E-health skin images overburden dermatologists
Dermatologists in the US are being swamped with skin images after electronic medical record systems enabled patient generated messages.
According to an audit of the electronic health record in the Duke University Health System, dermatologists more than other specialists are impacted.
Since the attachment functionality in the EHR went live, the proportion of patient generated messages with image attachments was 14.4% in dermatology compared to 3.4% in non-dermatology departments (p<0.05).
“Almost all clinicians (93%) agreed that EHR messages benefit patient communication, however, only 44% of clinicians agreed that attachments benefit patient care,” the study said.
The researchers said the disproportionate burden of patient generated messages with image attachments results in a high level of uncompensated work for dermatologists.
Read more in the Journal of the American Academy of Dermatology
JAK inhibitor maintenance for atopic dermatitis
Patients with atopic dermatitis can be managed with maintenance doses of a JAK inhibitor if they respond to induction treatment, and only a minority have flares, a US study has shown.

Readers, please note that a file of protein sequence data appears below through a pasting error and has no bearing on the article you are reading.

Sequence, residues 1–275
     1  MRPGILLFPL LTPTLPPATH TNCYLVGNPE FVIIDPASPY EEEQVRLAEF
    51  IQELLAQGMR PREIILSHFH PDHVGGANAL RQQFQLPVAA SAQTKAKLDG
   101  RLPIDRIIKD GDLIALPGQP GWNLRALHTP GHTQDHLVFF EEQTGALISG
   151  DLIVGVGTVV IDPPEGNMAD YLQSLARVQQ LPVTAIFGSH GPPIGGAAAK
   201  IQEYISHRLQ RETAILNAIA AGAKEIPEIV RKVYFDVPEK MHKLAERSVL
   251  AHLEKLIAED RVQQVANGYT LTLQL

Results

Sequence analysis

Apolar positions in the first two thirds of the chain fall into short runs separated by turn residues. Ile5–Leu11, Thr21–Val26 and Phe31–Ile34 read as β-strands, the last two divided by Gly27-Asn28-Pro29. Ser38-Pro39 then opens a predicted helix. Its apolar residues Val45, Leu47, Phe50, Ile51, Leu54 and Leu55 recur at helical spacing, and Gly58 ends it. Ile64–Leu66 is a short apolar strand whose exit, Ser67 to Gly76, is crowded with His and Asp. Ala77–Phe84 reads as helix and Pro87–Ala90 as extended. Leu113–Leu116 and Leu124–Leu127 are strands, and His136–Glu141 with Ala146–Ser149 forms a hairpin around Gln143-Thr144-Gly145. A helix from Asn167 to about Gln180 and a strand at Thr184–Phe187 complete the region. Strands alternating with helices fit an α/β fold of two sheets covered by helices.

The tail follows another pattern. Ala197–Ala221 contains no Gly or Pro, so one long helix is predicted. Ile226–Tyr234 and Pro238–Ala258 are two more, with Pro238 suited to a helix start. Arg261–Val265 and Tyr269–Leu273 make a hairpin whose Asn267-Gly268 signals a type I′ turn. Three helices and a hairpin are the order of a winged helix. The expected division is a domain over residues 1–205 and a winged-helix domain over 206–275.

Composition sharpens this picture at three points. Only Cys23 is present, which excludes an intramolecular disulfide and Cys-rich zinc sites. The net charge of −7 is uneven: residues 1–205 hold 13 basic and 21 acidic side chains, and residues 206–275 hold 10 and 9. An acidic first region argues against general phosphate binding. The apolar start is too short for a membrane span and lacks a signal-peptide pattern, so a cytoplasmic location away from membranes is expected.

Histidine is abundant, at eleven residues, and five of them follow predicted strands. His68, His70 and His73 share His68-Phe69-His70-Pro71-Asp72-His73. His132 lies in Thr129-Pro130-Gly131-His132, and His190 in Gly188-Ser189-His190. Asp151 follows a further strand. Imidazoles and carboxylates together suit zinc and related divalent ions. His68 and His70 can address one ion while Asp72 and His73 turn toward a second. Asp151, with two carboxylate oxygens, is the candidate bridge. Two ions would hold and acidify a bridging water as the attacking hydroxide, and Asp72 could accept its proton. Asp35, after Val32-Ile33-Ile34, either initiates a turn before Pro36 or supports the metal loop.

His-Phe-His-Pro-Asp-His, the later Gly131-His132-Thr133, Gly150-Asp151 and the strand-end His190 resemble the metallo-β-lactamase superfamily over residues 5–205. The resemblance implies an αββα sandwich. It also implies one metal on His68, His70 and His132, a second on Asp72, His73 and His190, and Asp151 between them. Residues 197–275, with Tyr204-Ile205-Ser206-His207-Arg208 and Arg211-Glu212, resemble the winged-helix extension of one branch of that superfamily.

A study of 1233 patients with mild to moderate AD showed that two thirds responded to a 12-week course of abrocitinib 200 mg. Of these flares occurred in 19% who continued on that dose for 40 weeks, 43% in patients who took half the dose (100mg), and 81% who took placebo.
Response was regained in 37%, 59% and 82% of these groups respectively with rescue treatment, according to findings published in the Journal of the American Academy of Dermatology.
Telehealth MBS items now available for hospital inpatients
New MBS telehealth items have been introduced to cover in-hospital services for private admitted patients receiving specialist care where the doctor is unable to attend due to the COVID-19 pandemic.
Available from 15 September 2021, the 40 temporary items (valid until 31 December) for specialists cover video and phone consultations for a specialist who is located in COVID-19 hotspot, or in isolation or quarantine.
According to Medicare, private health insurance rebates and gapcover schemes do not apply for these telehealth attendances.
Out of pocket costs for the new items will count towards the patient’s Medicare Safety Nets (original and extended).
In its Factsheets, Medicare says MBS specialist telehealth items do not need to be bulk billed, although this is encouraged
“The fee structure for the new items aligns with equivalent face-to-face items and existing COVID-19 telehealth specialist items introduced from March 2020,” it says.